Corporate Misconduct: The Legal, Societal, and Management Issues

By Margaret P. Spencer; Ronald R. Sims | Go to book overview
Save to active project

have taken all reasonable steps to respond appropriately to the offense and to prevent further similar offenses -- including any necessary modifications to its program to prevent and detect violations of the law."50 A corporation cannot rest after its initial effort; it must consider appropriate changes to the program if a violation occurs and if the law should change.

The issues surrounding corporate criminal liability are complex and rapidly evolving. The stakes are high and the potential for a mistake is great even when a corporation acts with the best intentions. Prudence requires that a corporation seeking to avoid the devastating consequences of a criminal prosecution of the company or its employees obtain competent advice from experienced counsel before a problem arises.

Despite the hostility with which some view codes of conduct these codes have become a permanent part of the corporate landscape. In the abstract, it is difficult to object to the adoption of a corporate code.

Thus, the positive factors, when combined with the legal incentives, should compel every corporation to implement an effective code of conduct. Considering these advantages, a corporation can no more afford to operate without an effective corporate code of conduct than it can afford to operate without liability insurance. Only extremely careless or foolish executives will fail to implement and enforce a compliance program and risk losing the significant advantages of such programs.

Harvey L. Pitt and Karl A. Groskaufmanis, "Minimizing Corporate Civil and Criminal Liability: A Second Look at Corporate Codes of Conduct," Georgetown Law Journal 78 ( 1990): 1559.
Dan K. Webb and Steven F. Molo, "Some Practical Considerations in Developing Effective Compliance Programs: A Framework for Meeting the Requirements of the Sentencing Guidelines," Washington University Law Quarterly 71 ( 1993): 375.
Michele Galen, "Keeping the Long Arm of the Law at Arm's Length," Business Week, April 22, 1991, p. 104.
Webb and Molo, "Some Practical Considerations," p. 375.
Business Roundtable, Business Roundtable, Corporate Ethics: A Prime Business Asset ( New York: Business Roundtable, 1988), p. 178; see Gerry Spence, With Justice for None ( New York: Penguin, 1989), p. 285.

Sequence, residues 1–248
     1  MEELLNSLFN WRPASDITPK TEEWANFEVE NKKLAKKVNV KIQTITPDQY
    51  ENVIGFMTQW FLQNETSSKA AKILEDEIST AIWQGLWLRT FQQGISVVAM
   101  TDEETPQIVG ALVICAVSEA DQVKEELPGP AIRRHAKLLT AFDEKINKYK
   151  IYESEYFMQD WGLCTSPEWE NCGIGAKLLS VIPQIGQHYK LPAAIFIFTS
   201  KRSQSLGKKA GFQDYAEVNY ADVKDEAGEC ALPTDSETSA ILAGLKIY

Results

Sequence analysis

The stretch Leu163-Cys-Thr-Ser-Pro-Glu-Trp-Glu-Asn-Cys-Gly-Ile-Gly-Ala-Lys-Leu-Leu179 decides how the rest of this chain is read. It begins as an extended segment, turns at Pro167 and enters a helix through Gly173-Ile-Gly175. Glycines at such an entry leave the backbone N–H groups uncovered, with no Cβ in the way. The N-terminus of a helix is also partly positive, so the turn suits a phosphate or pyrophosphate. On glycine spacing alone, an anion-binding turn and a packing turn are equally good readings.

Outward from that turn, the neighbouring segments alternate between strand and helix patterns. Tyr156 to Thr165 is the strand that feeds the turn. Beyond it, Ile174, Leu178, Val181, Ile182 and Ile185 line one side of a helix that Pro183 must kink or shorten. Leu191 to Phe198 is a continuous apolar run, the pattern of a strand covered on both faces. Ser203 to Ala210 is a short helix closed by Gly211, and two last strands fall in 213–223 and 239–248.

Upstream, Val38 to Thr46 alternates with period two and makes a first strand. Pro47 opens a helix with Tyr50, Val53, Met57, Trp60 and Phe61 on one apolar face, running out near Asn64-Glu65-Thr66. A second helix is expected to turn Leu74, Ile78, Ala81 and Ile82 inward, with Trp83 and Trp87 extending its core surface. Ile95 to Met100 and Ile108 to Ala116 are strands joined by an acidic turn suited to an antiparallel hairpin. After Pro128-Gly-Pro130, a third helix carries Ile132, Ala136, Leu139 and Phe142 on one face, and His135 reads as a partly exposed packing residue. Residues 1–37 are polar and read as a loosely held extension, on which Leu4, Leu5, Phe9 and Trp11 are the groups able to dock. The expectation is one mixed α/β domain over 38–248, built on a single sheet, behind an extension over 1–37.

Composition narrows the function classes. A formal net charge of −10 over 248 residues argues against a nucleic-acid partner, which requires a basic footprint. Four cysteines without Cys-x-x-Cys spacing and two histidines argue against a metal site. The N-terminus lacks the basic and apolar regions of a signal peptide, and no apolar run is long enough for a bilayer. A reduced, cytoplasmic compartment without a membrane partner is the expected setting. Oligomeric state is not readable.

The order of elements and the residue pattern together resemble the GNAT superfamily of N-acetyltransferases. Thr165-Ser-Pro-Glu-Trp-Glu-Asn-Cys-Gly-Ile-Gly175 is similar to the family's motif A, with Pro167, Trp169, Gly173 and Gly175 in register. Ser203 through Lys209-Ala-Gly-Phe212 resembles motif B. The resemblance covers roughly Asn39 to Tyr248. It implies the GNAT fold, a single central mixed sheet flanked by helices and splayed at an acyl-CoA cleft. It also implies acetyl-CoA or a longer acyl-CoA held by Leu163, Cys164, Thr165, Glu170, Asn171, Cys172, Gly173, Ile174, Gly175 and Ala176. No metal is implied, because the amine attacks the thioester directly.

David K. Webb, Steven F. Molo and James Hurst, Understanding and Avoiding Corporate and Executive Criminal Liability ( New York: Times Books, 1993), p. 246.
Webb and Molo, "Some Practical Considerations," p. 375.


Notes for this page

Add a new note
If you are trying to select text to create highlights or citations, remember that you must now click or tap on the first word, and then click or tap on the last word.
Loading One moment ...
Project items
Cite this page

Cited page

Citations are available only to our active members.
Sign up now to cite pages or passages in MLA, APA and Chicago citation styles.

Cited page

Bookmark this page
Corporate Misconduct: The Legal, Societal, and Management Issues


Text size Smaller Larger
Search within

Search within this book

Look up

Look up a word

  • Dictionary
  • Thesaurus
Please submit a word or phrase above.
Print this page

Print this page

Why can't I print more than one page at a time?

While we understand printed pages are helpful to our users, this limitation is necessary to help protect our publishers' copyrighted material and prevent its unlawful distribution. We are sorry for any inconvenience.
Full screen
/ 218

matching results for page

Cited passage

Citations are available only to our active members.
Sign up now to cite pages or passages in MLA, APA and Chicago citation styles.

Cited passage

Welcome to the new Questia Reader

The Questia Reader has been updated to provide you with an even better online reading experience.  It is now 100% Responsive, which means you can read our books and articles on any sized device you wish.  All of your favorite tools like notes, highlights, and citations are still here, but the way you select text has been updated to be easier to use, especially on touchscreen devices.  Here's how:

1. Click or tap the first word you want to select.
2. Click or tap the last word you want to select.

OK, got it!

Thanks for trying Questia!

Please continue trying out our research tools, but please note, full functionality is available only to our active members.

Your work will be lost once you leave this Web page.

For full access in an ad-free environment, sign up now for a FREE, 1-day trial.

Already a member? Log in now.

Are you sure you want to delete this highlight?